These are the little things that shape personalities and local cultures. A writer who travels is smart to seek these experiences. They help a character become three-dimensional and lend an air of authenticity to your settings.
Off the Path
This goes back a way, I think, and the benefits cannot be overstated. At age sixteen I was not into taking risks, yet I remember two moments that shaped future travel experiences. I was in Rome with a tour group from high school. We were in the city for three days and had some free time.
Perhaps it was the age, but I recall the confidence gained from using the city bus system. It’s silly, but this was a long way from home and a long way from any sort of comfort zone.
The second formative moment was setting out on my own to explore. The Colosseum was visible from our hotel so there was an excellent landmark to find my way back. I found an out-of-the-way restaurant, essentially in a back alley, and ate a meal hearing no English. The first time this happens to you it is frightening and, only later, empowering. It was a great opportunity to observe modern day Romans, but I wasn’t any sort of a writer then and had no inkling such a thing was possible. Still, it was an adventure and since then it has always been a goal to find places only locals frequent.
One such place I’m aware of, but haven’t seen (yet!), is a bar in the middle of the Nevada desert. This bar has a particular clientele, as related to me by someone who had been there many times: cowboys and soldiers. The latter were part of an Air Force facility that flew drones. The drones didn’t circle the surrounding desert, but another one halfway around the world. The cowboys were cowboys, tipping a few back after a hot day handling cattle. Many of them, I was told, were armed, pistols in holsters at their side. Ah, the story possibilities…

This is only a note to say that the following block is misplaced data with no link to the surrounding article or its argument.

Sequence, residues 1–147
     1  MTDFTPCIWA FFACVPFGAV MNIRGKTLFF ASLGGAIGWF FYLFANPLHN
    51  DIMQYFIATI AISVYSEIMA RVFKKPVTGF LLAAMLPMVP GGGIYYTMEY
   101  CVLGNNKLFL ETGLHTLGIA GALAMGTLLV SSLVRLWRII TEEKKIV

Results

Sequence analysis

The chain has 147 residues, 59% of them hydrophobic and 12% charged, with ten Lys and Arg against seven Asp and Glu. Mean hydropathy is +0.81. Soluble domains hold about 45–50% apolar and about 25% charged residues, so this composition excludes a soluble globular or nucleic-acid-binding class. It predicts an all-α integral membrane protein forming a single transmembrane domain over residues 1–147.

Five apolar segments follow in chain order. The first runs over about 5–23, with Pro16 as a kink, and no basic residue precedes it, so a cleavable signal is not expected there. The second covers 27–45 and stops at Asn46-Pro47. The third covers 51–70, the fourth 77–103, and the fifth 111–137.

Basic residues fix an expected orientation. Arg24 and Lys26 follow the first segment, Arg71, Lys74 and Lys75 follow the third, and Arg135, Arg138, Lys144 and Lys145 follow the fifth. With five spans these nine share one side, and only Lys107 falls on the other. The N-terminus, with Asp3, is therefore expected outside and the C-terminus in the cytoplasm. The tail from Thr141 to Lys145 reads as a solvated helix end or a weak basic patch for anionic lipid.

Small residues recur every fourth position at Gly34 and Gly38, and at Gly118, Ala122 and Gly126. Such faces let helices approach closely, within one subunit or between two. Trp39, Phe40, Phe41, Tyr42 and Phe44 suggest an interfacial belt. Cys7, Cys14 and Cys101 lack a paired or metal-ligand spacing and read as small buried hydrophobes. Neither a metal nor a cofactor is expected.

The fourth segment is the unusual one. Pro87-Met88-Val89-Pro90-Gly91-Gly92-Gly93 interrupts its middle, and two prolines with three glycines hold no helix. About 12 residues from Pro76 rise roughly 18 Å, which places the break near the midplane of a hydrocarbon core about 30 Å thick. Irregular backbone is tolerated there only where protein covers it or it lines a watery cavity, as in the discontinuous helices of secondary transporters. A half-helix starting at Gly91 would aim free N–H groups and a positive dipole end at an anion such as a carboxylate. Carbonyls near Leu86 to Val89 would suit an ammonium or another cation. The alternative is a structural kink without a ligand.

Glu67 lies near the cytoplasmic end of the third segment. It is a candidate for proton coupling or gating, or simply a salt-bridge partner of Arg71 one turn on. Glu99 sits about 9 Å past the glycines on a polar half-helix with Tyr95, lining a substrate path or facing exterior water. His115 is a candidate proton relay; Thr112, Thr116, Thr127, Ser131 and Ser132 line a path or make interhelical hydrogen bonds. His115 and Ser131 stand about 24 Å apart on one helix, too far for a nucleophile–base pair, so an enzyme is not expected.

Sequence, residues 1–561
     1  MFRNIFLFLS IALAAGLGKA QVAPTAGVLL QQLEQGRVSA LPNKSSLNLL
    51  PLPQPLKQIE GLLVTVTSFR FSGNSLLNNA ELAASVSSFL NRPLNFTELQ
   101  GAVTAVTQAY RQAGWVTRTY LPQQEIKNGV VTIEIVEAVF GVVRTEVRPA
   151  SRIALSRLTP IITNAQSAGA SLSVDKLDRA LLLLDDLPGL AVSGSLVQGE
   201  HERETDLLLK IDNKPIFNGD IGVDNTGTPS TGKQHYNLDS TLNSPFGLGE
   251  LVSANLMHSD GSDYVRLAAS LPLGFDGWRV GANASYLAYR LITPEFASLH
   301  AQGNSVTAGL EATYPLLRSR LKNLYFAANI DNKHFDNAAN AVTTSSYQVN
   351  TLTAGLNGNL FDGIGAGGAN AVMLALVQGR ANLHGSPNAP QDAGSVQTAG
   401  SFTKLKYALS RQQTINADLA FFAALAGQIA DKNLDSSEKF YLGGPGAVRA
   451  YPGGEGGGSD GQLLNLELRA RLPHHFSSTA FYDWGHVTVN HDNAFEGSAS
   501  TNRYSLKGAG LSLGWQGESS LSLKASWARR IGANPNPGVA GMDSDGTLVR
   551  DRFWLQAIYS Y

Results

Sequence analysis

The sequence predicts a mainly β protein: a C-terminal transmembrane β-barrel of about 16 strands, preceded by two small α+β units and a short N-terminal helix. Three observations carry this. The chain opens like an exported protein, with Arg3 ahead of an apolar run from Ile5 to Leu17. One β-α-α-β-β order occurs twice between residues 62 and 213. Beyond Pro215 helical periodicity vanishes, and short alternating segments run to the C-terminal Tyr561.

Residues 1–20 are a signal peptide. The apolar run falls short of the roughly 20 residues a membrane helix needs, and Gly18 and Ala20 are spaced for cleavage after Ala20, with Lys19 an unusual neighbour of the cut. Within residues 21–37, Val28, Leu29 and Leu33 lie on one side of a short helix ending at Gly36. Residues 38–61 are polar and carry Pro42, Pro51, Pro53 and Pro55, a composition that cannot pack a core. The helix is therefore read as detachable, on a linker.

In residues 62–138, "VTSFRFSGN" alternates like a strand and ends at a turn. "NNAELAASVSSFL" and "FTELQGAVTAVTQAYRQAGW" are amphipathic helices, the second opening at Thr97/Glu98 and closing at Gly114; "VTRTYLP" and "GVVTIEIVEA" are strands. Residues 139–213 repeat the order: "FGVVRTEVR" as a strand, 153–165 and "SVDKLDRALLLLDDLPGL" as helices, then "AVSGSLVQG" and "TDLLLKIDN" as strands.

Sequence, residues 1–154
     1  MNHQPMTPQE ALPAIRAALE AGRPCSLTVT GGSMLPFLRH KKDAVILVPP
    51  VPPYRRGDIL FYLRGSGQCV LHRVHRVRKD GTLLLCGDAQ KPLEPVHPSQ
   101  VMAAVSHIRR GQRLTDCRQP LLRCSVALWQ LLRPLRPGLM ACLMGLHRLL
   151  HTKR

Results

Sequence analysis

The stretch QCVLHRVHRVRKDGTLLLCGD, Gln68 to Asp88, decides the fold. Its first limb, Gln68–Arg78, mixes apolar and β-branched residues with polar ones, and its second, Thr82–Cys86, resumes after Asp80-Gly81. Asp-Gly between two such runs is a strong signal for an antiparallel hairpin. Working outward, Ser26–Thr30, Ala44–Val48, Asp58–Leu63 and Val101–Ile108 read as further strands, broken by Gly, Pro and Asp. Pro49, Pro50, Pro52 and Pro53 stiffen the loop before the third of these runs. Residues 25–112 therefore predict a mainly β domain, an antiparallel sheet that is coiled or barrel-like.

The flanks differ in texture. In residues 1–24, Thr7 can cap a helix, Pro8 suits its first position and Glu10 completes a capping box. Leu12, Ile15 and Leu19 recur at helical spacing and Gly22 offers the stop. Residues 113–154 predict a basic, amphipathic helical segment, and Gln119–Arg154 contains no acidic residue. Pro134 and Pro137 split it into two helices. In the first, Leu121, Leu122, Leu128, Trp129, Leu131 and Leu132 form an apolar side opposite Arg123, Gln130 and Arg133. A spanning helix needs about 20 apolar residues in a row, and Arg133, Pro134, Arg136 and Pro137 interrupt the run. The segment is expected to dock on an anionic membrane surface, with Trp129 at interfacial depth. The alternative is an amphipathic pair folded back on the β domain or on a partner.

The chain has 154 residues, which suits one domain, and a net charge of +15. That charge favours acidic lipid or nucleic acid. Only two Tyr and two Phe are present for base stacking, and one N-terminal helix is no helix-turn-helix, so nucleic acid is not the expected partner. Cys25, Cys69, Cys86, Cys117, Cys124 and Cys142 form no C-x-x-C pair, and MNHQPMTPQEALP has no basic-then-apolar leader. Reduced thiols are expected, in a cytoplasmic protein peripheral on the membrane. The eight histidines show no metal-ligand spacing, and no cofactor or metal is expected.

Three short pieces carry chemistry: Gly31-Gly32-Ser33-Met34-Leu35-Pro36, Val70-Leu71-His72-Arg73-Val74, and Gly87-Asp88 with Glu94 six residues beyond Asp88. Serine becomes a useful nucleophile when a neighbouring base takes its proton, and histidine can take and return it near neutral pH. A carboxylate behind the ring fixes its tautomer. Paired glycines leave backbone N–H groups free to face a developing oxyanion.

There is much more in the Nevada desert just outside of Las Vegas. Excepting family vacations when I was young, Las Vegas has been my most frequent vacation destination. My wife and I have been there three times together and her total visits outnumber mine six to five. On three of those occasions, including my honeymoon, I visited the Valley of Fire.
Many movies have been filmed there. You can see why in the accompanying photo of Amy in nearby Red Rock Canyon. The vistas are incredible, vast, and in a mid-westerner’s mind, somewhat like being on another planet. It can and has inspired stories, nevermind the factual sagas that once took place, or perhaps still do.
To say such stories are embedded in the rocks is not metaphor. In the Valley of Fire there are petroglyphs and one
set records the story of a young boy. The boy was eager to prove his manhood and set out to hunt on his own, but it was too soon. In danger, the boy was rescued by his father and a lesson learned. How much literature has been created showing the dangers of pride? Or folk tales demonstrating the virtue of patience? One such story is written in the rocks of the Nevada desert and it is a place to inspire any writer.
No Right Way
There is no right or wrong way to travel. The point of this piece is just to say when you do, be open to your new surroundings. There is always something to learn. Stories are everywhere and as many know, one doesn’t have to travel to find them, but it sure is fun.